CLOSE-UP: GLOBAL BRIEF; Publicis network wins friends

AdNET has impressed the industry with its versatile nature, Richard Cook says

AdNET has impressed the industry with its versatile nature, Richard Cook

says



When advertising agencies start to make claims about their own, rather

than their client’s computer systems, it is clear that something odd is

happening. When the computer clients themselves join in the praise it is

clear something is very strange indeed.



And yet that is the situation that Publicis finds itself in with its

AdNET system. Last week the agency picked up Hewlett-Packard’s pounds 20

million pan-European branding account (Campaign, 12 April). And Garth

Philips, advertisement manager at the relevant HP division, cited the

AdNET system as the deal clincher.



Versions of this apparently innovative system are in fact already used

by Coca-Cola and by M&C Saatchi and British Airways across 56 markets.

But what does it do, and is it really the wonder system Publicis thinks

it is?



The first thing to know is that AdNET’s functions are really very

simple. It replaces the fax-machine and e-mail - it means print and

broadcast ads can be transmitted in digital form around the network, and

it performs detailed project management tasks.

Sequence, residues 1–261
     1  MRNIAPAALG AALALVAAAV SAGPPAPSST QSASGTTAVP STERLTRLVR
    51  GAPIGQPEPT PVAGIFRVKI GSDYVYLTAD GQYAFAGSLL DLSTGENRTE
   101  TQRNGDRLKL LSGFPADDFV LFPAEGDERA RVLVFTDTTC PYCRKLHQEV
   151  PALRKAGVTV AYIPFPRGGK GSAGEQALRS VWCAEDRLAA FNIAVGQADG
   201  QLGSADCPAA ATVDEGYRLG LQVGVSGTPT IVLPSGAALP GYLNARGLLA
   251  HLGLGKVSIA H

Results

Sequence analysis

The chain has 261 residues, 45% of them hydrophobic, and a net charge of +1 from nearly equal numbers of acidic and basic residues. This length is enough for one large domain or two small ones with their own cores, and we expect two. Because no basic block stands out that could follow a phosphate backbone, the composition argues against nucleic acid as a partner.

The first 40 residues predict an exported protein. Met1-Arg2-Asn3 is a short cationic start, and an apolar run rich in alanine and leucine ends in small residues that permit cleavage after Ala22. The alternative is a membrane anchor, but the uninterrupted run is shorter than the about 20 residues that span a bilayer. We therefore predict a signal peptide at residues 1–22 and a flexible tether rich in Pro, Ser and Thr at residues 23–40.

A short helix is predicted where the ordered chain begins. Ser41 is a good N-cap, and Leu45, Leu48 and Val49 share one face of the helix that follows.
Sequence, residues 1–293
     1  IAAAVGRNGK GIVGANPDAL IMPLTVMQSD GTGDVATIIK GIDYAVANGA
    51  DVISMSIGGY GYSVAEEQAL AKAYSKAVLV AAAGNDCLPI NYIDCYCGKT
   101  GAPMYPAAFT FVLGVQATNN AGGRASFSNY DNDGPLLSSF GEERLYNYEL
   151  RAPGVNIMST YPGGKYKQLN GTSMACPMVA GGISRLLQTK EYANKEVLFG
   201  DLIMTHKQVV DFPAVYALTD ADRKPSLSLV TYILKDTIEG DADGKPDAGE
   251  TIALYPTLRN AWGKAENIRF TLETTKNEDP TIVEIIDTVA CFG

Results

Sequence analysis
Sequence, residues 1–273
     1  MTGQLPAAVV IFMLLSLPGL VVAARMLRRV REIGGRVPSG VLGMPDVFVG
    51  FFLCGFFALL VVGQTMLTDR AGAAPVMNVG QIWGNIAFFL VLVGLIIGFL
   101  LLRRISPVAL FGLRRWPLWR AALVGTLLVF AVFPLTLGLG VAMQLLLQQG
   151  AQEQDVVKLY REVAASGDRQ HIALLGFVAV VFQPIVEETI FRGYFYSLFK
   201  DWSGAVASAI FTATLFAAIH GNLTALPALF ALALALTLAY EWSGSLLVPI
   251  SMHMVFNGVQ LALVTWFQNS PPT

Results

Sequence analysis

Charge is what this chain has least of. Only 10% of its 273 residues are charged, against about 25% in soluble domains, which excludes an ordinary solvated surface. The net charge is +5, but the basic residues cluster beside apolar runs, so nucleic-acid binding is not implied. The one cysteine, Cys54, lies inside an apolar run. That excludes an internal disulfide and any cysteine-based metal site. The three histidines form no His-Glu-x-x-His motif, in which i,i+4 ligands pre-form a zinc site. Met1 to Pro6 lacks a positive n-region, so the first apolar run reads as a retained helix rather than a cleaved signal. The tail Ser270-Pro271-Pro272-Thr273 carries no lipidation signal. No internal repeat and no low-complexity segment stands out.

At the touch of a button a client or account handler anywhere within the

network can call up the brief, the storyboard, versions of the ad, or

the finished product. They can find out at what stage the commercial has

been left, they can call up media-spend data or they can access

production cost summaries. And that’s it. It won’t sing or tap-dance

across the table. It just makes it easier, for example, for local teams

to tailor multinational ads for their own markets, or for the client to

know exactly how the timetable for its campaign is working out.



‘The fact of the matter is that we could use a version of the system for

almost any account,’ Tim Keogh, a Publicis account director, says. ‘But

because international accounts can be so complicated it works much

better with them. The admin efficiencies can be considerable. It’s

incredible, for example, just how much time is lost by people standing

around the fax machine.’



If that doesn’t sound like the white heat of a technological revolution,

that’s the point about AdNET - there’s actually nothing particularly

avant garde about the software, based on Lotus Notes. What is unusual is

how well it has been adapted to the requirements of an international ad

agency.



Keogh says there are no plans to license the system, and while M&C

Saatchi uses it on the British Airways business it handles with

Publicis, there is no suggestion that this co-operation will extend to

other M&C Saatchi clients.



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